We did some further research on the subject of biased voting systems and found several articles helpful, listed below:

Tomz, M., & Van Houweling, R. (2003). “How Does Voting Equipment Affect the Racial Gap in Voided Ballots?” American Journal of Political Science 47 (1): 46–60.

Calvo, E., Escolar, M. & Pomares, J. (in press). Ballot design and split ticket voting in multiparty systems: Experimental evidence on information effects and vote choice. Electoral Studies.

Herron, M. C., Wand, J. (2007). Assessing partisan bias in voting technology: The case of the 2004 New Hampshire recount. Electoral Studies, 26, 247-261.

The Tomz & Van Houweling was particularly useful, as it was well written, current, and dealt explicitly with bias. As a result of the electoral issues in the US during the 2000 elections, voting equipment receives a great deal of attention in media and academic circles. Tomz and Van Howeling are particularly interested in how different types of voting systems produce different likelihoods of invalid votes, when examining in regards to race. They note that studies have shown that African Americans cast invalid presidential votes at a higher rate than whites, and then examine reasons why that might be the case. They use data from the 2000 presidential elections and account for present vs. absentee voting. They also attempt to validate their findings with opinion surveys that asked specifically about race and exit polls to estimate levels of intentional undervoting, i.e. Finally, they note that the Black/White gap may exist due to factors outside of their scope. They specifically mention three interesting factors; socioeconomic discrepancies, as black voters may be less educated and thus more prone to error; familiarity with the voting equipment, as election drives had produced a higher than normal number of first time voters; and finally, previous issues of racism (which might discourage African Americans from asking for help).

Tomz and Van Houweling found that the black-white discrepancy for invalid votes is widest where punch cards and optical scanners are used. They suggest that these forms of voting equipment are highly vulnerable to human error (hanging chads, confusing layout, no method to verify vote, etc.). They suggest that lever machines and Direct Recording Electronic Machines reduce this gap to the point where most of it can be explained by intentional voiding of ballots. They conclude that DRE and lever machines should be employed in future elections, unless cost or speed are too much of an issue.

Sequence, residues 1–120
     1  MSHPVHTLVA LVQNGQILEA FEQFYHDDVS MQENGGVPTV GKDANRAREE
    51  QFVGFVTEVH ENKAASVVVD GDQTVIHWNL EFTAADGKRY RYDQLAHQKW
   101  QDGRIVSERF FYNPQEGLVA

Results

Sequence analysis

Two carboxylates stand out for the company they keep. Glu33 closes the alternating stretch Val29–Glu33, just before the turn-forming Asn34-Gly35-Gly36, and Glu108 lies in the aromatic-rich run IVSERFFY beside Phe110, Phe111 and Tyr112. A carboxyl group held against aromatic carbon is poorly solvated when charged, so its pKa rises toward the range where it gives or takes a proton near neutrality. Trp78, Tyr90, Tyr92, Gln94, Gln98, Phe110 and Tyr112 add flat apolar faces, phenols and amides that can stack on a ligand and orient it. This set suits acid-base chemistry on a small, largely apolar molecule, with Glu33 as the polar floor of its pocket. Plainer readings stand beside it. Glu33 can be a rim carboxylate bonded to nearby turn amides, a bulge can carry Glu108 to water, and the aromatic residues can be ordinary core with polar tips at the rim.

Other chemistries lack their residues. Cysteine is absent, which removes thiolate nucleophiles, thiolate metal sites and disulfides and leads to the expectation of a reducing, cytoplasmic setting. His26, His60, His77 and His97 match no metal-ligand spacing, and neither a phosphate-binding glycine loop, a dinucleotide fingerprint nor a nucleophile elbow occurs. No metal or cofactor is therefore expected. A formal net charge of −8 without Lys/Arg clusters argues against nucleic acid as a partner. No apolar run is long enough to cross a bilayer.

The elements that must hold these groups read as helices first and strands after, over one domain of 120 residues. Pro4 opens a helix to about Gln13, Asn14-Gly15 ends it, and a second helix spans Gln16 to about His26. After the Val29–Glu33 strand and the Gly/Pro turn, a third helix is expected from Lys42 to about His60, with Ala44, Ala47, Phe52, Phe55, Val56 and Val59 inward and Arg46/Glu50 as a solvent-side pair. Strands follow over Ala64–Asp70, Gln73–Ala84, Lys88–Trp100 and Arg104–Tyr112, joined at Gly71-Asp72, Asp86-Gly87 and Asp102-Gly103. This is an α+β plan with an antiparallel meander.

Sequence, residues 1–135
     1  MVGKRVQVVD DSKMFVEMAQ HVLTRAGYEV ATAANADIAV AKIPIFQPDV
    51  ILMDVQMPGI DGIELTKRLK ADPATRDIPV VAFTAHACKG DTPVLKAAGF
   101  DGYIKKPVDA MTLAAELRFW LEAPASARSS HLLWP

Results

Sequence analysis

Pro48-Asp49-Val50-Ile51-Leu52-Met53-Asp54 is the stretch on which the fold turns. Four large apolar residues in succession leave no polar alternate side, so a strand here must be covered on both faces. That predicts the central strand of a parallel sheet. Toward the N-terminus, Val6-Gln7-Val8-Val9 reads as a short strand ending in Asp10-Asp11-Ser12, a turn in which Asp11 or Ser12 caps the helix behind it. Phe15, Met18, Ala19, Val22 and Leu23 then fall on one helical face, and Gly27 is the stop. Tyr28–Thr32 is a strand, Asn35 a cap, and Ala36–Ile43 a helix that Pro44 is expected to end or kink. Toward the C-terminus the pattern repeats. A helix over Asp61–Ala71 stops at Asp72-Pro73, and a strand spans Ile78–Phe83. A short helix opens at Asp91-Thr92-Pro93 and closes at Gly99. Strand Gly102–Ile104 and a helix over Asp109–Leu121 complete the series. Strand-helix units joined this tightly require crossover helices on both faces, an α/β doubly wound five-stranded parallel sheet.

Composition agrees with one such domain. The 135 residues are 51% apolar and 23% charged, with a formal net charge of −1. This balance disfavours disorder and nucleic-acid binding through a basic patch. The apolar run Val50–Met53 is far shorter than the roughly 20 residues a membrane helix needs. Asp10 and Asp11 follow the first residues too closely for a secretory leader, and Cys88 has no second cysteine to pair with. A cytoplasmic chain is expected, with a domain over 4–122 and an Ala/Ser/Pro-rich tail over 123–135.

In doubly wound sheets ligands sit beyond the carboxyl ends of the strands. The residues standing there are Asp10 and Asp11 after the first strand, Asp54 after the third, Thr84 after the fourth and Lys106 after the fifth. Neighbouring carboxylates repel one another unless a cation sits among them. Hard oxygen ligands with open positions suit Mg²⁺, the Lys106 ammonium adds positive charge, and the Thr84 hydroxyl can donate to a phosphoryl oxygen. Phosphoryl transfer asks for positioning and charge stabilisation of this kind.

Two other articles were assessed and sparked interesting discussions among our team. In their article, Calvo, Escolar and Pomares (in press) looked at how information displays might effect split-ticket voting. They clearly showed that voters are very receptive to information cues on the ballots and might alter their voting in response to this. Their major finding is that e-voting technologies that only displayed the candidates by name (candidate-centric) had a higher risk of split-ticket voting (3). Conversely, systems that emphasized party-centric cues such as party colors and logos reduced the amount of split ticket voting (3). An interesting point is their emphasis on the cognitive demand of voters where candidate-centric ballots demanded more cognitive capacities for voters in regards to recalling the corollary information associated with a name (3). In this sense, this issue became central to our discussion on the bias of experience where older voters accustomed to paper ballots will necessarily need to demonstrate more cognitive abilities in order to figure out how to work with the potentiometer.

Herron and Wand (2007) conversely observed how technology was wrongly blamed in New Hampshire. Following the 2004 elections, some New Hampshire precincts using the Accuvote machines reported unusually low numbers for John Kerry. Immediately, some began to blame the technology used and Ralph Nader himself paid for a manual recount of those precincts (248). However, the manual recounts yielded the same numbers as the Accuvote results. The article was not directly linked to our biases and our voting system, yet it was interesting to observe how the public now expects the technology to fail or to be biased. In this regard, even the most professional looking and seemingly accurate machine will attract the same criticism as the voting system we built which was obviously biased in a very specific manner.

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One Comment

  1. criticalmaking.com » Blog Archive » RGB (Red, Green, Blue) Voting SystemFebruary 21, 2009 at 8:32 pm

    […] It’s Positively Biased […]